Fast Color Soars Past Competition with POC Representation

Over the past decade, there have been a couple of genres that have taken over the film industry; superhero and post-apocalyptic. These genres have mostly been led by white men until more recently, with movies like Captain Marvel and Black Panther. But a new movie, Fast Color, blends these two genres with a family of black women at its center.

Fast Color takes place in a future where it has stopped raining. It follows a woman named Ruth, who has seizures that create earthquakes, as she returns to her childhood home to evade the government and try to control her powers. The film manages to hide a somewhat generic plot with a lot of charm and an incredible lead cast.

The story itself is a blend of a million clichés that have been done time and time again. There’s a menacing government who wants to capture the main character, a series of predictable twists, and characters learning how to be a family through petty arguments. It honestly seems like a young adult novel from 2013, but somehow that doesn’t come across as that big of a deal. Instead, the film uses this to its advantage by changing expectations ever so slightly and centering around a group that isn’t often present in this genre: women of color. The sense of empowerment related to its characters is extremely strong, and this is only aided by the acting and dialogue. Gugu Mbatha-Raw, who plays Ruth, has an incredible sense of body language that instantly creates a relatable and motivating character. She feels like a real person, not just a set of character traits, like so many other main characters from post-apocalyptic stories.

The rest of the cast is amazing too. Lorraine Toussaint is full of emotion, and her chemistry with both Mbatha-Raw and child actress Saniyya Sidney is palpable. It is exceptionally believable that this is a real family. Toussaint also shows her extreme talent in the last twenty minutes of the film, which is arguably one of the best closing acts in a movie this year. It’s pure magic to watch. This magic is backed up by a lot of the more technical aspects of the film. The writing is absolutely beautiful, and although it isn’t based on a book, it’s very novel-like. The visuals are also stunning. From the first minute, the cinematography is captivating. It grounds the world successfully, while also capturing color and movement to create a perfect sense of tone. Every establishing shot amazes and every close-up is intimate and raw. The soundtrack and score of the movie was perhaps one of the best parts. The songs actually felt like they belonged and meant something real for the characters, while the score furthered the epic tone of the last third of the movie. The strings sent shivers down my spine, almost bringing me to tears.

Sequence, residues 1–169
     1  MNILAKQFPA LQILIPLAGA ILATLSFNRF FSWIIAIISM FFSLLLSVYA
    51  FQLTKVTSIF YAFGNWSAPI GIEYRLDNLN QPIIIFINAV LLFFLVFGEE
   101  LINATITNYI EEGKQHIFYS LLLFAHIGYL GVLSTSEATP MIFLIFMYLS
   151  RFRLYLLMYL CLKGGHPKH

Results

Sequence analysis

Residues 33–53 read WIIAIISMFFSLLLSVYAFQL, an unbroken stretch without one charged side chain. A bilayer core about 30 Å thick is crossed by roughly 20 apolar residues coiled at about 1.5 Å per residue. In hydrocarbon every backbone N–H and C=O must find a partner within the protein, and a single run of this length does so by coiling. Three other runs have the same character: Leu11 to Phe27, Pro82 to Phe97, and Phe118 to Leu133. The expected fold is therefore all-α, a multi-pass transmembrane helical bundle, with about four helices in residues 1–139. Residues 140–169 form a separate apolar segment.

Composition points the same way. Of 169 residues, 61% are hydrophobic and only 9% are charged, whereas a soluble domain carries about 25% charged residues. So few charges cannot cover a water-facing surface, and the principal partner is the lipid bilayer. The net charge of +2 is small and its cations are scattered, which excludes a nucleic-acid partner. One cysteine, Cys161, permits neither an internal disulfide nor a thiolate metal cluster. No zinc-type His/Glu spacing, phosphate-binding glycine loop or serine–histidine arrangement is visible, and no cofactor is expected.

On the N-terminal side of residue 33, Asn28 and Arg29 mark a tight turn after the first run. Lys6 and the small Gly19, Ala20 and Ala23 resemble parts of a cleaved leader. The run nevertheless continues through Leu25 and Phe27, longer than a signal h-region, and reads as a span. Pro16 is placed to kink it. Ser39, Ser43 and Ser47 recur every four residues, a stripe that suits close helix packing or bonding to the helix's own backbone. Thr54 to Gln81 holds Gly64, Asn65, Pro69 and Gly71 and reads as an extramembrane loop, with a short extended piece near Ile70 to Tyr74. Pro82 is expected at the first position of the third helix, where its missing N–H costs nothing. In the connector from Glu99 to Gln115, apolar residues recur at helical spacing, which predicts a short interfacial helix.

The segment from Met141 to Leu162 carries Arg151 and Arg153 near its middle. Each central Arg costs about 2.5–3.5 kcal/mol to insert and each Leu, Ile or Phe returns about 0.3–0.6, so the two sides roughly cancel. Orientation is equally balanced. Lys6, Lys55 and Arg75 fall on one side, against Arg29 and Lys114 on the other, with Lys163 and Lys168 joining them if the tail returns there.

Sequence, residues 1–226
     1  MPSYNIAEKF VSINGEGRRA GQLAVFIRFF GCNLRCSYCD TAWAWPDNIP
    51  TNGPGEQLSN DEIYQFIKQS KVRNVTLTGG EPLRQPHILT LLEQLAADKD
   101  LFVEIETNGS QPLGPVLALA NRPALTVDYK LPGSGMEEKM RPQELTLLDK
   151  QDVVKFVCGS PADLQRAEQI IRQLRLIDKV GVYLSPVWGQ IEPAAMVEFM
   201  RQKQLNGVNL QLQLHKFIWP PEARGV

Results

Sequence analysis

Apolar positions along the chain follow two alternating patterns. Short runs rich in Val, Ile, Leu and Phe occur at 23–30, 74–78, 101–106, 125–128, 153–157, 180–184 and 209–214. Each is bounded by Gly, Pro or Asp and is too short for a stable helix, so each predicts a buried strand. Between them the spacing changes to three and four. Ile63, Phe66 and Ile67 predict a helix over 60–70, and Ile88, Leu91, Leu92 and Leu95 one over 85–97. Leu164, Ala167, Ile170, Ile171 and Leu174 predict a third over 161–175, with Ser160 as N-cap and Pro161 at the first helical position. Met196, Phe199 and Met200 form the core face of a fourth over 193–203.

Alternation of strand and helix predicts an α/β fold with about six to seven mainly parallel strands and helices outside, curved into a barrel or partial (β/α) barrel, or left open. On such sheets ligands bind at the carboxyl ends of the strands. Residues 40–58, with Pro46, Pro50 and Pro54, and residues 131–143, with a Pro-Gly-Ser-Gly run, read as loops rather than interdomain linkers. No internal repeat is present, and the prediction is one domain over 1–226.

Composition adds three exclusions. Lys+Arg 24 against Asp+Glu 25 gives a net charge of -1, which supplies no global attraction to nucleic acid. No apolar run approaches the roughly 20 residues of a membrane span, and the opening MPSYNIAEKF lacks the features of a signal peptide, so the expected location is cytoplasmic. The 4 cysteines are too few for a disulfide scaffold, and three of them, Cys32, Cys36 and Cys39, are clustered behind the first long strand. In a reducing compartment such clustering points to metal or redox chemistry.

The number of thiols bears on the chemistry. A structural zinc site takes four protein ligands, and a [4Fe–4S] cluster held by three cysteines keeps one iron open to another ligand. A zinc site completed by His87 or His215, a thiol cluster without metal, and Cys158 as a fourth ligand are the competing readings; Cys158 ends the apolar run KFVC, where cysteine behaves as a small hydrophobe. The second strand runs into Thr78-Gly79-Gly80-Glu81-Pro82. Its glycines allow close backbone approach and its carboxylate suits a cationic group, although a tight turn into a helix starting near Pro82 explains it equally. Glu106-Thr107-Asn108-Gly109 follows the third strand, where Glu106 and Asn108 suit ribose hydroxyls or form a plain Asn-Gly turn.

The care given to this movie was evident in every scene. There’s an attention to detail with the characters that isn’t present in most superhero movies. They feel bigger than just the one and a half hours that the film fills. It is important for young kids to see people like themselves on screen, and Fast Color does this perfectly. There’s not a question about whether the characters’ race or gender is a burden, instead they are celebrated for who they are.

The movie follows a family of black women who are shown to be self-sufficient and powerful. This group isn’t often shown in a positive light, so it’s amazing to see them hold so much power and wisdom without becoming stereotypes.

The pure empowerment that was so present throughout the entire film makes this much more than a story of superpowers and the end of the world. It’s a message that black girls can do whatever they want, that they’re bigger than the world around them. It’s beautiful.

I would recommend Fast Color to most moviegoers. While some people might be annoyed down by the predictable plot and exposition, the visuals and well represented characters would probably win them over. If you can see it in theaters, do, but if not, keep the name in your head and wait until it’s available somewhere online. It’s not often that a movie this special comes out, so it’s an incredibly worthwhile watch.

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